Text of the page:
Spotify, Epic Unsatisfied With Apple’s App Store Changes

Music streaming service Spotify has criticised Apple’s settlement last week with small developers over its App Store practices, saying the arrangement does not address basic aspects of their “anticompetitive and unfair practices”.

“They are attempting to distract policymakers and regulators,” said Spotify’s chief legal officer, Horacio Gutierrez.

“Apple has been allowed to abuse their dominant position for years, and we continue to seek real reforms to ensure that companies can innovate and compete fairly, on a level playing field.”

Epic Games chief executive Tim Sweeney, whose company is engaged in a legal battle with Apple over App Store restrictions, said on Twitter that Epic is “fighting on”.

Antitrust pressure

“The lawsuit Apple settled… was the developer class action suit, not our Epic v Apple case,” he wrote.

In a 2019 complaint to the European Commission, Spotify said Apple placed unfair restrictions on competitors to its own Apple Music streaming service and protested against the 30 percent commission levied on app developers to use Apple’s in-app purchase system.

EU regulators are currently carrying out an investigation into whether the App Store rules for streaming services violate antitrust rules, following Spotify’s complaint.

Last week Apple reached a proposed settlement, which must still be approved by the court, giving small developers some leeway about the use of Apple’s in-app payment system.

The company said small developers will now be allowed to inform customers via email about ways to bypass Apple’s payment system, with its commission charges, something they were previously barred from doing under the App Store’s terms.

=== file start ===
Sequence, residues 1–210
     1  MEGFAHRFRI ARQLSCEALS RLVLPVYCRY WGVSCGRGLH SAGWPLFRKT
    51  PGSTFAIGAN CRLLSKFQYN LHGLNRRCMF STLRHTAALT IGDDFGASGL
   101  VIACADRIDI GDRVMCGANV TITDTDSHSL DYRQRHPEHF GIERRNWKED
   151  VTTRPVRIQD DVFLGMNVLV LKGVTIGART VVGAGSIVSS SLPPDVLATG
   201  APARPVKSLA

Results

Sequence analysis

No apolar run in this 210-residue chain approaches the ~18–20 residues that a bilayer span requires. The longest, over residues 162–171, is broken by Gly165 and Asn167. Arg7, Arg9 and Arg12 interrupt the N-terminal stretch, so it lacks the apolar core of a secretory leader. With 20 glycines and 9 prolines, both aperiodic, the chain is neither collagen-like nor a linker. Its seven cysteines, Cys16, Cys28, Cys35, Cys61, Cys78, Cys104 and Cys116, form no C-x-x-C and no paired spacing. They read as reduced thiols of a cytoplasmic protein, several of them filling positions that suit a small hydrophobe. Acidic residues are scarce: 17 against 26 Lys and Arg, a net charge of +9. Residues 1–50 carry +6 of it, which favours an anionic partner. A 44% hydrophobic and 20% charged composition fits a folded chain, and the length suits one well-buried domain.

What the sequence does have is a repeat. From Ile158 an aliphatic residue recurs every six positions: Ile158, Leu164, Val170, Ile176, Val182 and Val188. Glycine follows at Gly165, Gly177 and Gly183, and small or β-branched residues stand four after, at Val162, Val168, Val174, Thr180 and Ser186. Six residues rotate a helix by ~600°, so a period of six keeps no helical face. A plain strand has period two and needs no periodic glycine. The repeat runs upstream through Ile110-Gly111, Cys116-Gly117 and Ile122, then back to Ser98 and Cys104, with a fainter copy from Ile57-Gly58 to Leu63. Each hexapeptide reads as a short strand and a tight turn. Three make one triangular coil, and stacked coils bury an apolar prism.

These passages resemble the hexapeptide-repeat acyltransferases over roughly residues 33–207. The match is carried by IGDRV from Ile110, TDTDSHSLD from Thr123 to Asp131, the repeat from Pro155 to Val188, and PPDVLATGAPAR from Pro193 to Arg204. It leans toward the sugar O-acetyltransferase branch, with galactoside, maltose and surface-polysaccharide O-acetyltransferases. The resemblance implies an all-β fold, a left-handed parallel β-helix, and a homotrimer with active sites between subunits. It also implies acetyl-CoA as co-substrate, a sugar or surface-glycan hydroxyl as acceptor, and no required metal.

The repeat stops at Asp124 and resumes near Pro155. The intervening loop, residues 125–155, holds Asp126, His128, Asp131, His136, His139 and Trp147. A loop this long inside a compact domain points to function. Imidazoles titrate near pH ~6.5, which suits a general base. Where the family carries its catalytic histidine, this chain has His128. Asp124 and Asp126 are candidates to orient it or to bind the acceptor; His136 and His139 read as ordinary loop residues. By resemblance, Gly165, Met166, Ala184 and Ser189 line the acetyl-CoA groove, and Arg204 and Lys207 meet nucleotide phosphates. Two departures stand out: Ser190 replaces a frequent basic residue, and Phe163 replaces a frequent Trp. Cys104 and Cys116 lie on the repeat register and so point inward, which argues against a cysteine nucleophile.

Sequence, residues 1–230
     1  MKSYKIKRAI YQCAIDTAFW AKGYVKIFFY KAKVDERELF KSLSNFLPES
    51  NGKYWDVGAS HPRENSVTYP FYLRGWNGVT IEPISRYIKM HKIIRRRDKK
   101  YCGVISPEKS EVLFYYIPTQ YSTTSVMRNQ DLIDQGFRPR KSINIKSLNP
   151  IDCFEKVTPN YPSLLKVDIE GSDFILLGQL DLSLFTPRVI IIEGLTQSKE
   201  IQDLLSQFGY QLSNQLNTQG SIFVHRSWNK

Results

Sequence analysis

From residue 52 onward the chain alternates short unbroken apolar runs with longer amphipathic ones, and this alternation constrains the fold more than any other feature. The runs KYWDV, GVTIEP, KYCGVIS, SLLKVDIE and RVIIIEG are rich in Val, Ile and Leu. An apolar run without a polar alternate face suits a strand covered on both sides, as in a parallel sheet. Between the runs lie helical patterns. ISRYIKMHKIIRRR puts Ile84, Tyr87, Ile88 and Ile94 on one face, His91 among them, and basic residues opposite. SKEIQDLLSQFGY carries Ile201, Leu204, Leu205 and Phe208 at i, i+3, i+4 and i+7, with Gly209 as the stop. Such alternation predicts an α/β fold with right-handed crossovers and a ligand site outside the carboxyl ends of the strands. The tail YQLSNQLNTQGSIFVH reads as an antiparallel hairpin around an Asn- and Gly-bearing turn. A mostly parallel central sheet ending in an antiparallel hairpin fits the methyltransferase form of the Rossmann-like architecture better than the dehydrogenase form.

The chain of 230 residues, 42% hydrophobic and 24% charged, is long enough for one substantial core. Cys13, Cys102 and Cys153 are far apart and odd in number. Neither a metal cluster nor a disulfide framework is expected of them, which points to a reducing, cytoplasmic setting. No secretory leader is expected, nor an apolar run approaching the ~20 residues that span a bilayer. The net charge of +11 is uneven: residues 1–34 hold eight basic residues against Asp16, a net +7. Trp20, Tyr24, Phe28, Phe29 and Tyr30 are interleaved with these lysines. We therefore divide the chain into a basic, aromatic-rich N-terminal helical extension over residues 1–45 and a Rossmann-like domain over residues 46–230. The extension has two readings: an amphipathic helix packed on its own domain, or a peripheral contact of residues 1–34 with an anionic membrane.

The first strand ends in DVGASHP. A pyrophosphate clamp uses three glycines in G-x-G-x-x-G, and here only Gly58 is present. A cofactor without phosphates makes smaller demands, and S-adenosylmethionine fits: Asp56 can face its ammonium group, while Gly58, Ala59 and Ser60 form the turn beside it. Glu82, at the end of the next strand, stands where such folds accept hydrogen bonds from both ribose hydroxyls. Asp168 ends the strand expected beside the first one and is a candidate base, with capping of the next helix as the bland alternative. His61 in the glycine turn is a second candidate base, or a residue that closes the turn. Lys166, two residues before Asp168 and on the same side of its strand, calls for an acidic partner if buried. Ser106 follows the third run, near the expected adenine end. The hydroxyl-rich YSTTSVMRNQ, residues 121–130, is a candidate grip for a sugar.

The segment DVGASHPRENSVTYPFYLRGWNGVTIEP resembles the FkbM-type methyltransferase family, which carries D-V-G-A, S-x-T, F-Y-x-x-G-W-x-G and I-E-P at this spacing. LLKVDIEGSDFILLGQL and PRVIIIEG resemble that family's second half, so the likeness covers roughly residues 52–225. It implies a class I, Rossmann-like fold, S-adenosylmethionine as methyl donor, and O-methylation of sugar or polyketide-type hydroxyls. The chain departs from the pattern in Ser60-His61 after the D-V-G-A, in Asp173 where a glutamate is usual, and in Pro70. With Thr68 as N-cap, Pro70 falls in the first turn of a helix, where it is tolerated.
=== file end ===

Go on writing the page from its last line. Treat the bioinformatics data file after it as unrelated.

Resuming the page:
The settlement also includes more pricing tiers and a new transparency report about the app review process.

The class-action lawsuit was filed in 2019 by two small developers who said Apple’s restrictions on app downloads were anticompetitive.

“The agreement clarifies that developers can share purchase options with users outside of their iOS app; expands the price points developers can offer for subscriptions, in-app purchases, and paid apps; and establishes a new fund to assist qualifying US developers,” Apple said.

“The terms of the agreement will help make the App Store an even better business opportunity for developers, while maintaining the safe and trusted marketplace users love.”

Matthew Broersma

Matt Broersma is a long standing tech freelance, who has worked for Ziff-Davis, ZDnet and other leading publications

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